A new review of research on e-cigarettes verifies their beneficial risk profile compared to tobacco cigarettes


A new paper published today in Addiction concludes that e-cigarettes are significantly less harmful compared to conventional cigarettes and it would be beneficial for smokers to switch rather than continue smoking. The authors suggest healthcare professionals to advice smokers unable or unwilling to quit through other methods to switch to e-cigarette use as an alternative to smoking.

The study presented evidence from 115 references, showing that current evidence supports the beneficial profile of e-cigarettes compared to tobacco cigarettes. They discuss almost every clinical and laboratory study performed on e-cigarettes, acknowledging the presence of some toxic chemicals but at levels far lower compared to cigarette smoke. They conclude: “E-liquids and aerosols tested so far contain some toxicants in concentrations much lower than in tobacco smoke and negligible concentrations of carcinogens. Passive exposure to EC aerosol can expose non-users to nicotine, but at concentrations unlikely to have any pharmacological significance”. Moreover, they specifically emphasize that there is no evidence to support that e-cigarettes are a gateway to smoking or result in elevated cigarette consumption. In fact, there is evidence for the exact opposite. Finally, the authors argue that regulatory decisions should be proportional and based on evidence.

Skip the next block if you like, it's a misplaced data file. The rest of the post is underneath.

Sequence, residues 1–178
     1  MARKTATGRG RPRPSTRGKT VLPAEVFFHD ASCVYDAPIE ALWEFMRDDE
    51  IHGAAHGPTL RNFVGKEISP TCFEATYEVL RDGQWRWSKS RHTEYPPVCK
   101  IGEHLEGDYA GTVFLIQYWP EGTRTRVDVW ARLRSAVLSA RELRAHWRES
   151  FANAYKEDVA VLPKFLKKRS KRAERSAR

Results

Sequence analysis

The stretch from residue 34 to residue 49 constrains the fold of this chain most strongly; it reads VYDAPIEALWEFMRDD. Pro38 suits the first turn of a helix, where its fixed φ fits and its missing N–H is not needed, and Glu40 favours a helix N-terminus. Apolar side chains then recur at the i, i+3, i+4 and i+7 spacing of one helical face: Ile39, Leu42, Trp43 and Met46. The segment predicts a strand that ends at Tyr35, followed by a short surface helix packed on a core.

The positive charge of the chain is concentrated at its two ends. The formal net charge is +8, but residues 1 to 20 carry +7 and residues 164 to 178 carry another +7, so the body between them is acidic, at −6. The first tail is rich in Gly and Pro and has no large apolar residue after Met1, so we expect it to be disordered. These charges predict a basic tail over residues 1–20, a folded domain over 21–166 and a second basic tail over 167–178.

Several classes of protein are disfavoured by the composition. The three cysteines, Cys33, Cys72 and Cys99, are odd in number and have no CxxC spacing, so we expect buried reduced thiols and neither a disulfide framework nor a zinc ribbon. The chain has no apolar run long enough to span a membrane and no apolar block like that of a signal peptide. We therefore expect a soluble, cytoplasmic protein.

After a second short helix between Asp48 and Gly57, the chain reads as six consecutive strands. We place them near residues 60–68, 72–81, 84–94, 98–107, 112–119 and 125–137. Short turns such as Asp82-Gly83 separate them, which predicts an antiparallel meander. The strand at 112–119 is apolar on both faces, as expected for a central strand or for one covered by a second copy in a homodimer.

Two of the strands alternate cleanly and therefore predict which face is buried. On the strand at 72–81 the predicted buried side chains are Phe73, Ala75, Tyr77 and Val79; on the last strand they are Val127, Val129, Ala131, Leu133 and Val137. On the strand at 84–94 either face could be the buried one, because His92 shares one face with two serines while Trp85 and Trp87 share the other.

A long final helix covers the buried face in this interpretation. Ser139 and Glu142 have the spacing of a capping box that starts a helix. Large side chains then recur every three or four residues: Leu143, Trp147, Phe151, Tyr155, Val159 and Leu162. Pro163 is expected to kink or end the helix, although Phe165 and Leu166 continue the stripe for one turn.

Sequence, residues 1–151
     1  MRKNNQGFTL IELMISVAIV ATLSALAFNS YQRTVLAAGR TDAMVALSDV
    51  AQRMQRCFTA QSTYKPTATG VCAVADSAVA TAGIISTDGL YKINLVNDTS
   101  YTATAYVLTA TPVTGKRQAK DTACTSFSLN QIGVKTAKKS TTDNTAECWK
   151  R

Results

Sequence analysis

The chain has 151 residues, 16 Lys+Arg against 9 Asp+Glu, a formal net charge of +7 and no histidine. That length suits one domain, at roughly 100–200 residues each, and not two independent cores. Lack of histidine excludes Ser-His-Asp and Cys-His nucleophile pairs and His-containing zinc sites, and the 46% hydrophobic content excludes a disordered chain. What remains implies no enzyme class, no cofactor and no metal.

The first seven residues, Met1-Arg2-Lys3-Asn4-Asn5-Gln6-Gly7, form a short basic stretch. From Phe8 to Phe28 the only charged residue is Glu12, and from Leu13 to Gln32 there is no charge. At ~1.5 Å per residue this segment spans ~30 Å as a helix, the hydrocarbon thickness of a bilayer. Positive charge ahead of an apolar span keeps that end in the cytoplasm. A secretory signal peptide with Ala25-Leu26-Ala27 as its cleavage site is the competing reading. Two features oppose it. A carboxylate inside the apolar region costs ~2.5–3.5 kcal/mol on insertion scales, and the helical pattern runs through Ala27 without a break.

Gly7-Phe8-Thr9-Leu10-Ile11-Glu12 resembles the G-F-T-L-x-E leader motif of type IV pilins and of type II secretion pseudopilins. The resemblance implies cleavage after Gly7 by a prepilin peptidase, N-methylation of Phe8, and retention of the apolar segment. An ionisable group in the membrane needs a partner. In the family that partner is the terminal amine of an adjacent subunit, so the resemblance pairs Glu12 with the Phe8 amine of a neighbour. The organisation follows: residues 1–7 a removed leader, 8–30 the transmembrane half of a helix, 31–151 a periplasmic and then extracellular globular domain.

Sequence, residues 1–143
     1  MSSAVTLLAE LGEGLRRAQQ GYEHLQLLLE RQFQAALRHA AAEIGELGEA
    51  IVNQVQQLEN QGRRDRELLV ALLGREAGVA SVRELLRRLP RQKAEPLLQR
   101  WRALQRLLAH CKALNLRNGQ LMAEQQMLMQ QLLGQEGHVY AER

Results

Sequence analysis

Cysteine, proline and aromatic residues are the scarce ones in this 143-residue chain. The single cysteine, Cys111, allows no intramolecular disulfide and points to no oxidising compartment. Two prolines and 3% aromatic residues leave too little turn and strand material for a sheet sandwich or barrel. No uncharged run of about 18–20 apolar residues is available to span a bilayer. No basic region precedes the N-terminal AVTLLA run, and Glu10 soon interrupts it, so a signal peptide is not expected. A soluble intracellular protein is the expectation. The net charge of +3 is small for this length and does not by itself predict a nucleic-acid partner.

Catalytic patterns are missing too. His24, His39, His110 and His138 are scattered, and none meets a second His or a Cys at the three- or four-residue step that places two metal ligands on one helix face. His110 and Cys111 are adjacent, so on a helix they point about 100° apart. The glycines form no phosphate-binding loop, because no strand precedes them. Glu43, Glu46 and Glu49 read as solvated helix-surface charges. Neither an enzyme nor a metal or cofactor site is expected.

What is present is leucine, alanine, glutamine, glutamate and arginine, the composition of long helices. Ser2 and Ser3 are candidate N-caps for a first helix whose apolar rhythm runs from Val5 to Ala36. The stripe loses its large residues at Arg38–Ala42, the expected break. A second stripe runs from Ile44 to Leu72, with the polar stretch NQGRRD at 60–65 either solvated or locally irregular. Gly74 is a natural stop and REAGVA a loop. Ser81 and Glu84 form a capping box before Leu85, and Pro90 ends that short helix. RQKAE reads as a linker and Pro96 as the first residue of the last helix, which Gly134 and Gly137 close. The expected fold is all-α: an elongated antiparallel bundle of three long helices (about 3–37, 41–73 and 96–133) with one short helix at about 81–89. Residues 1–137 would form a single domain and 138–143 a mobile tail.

This review concludes in the same way as the first review published by Farsalinos and Polosa. In that study, authors specifically evaluated the safety/risk profile of e-cigarettes and concluded that: “…current data on safety evaluation and risk assessment of ECs is sufficient enough to avert restrictive regulatory measures as a consequence of an irrational application of the precautionary principle”. The two reviews are consistent in findings and conclusions, unlike another recent review by Grana et al. published in Circulation, which involved a lot of mispresentations and misinterpretations of evidence. A paper exposing these problems will be available soon.



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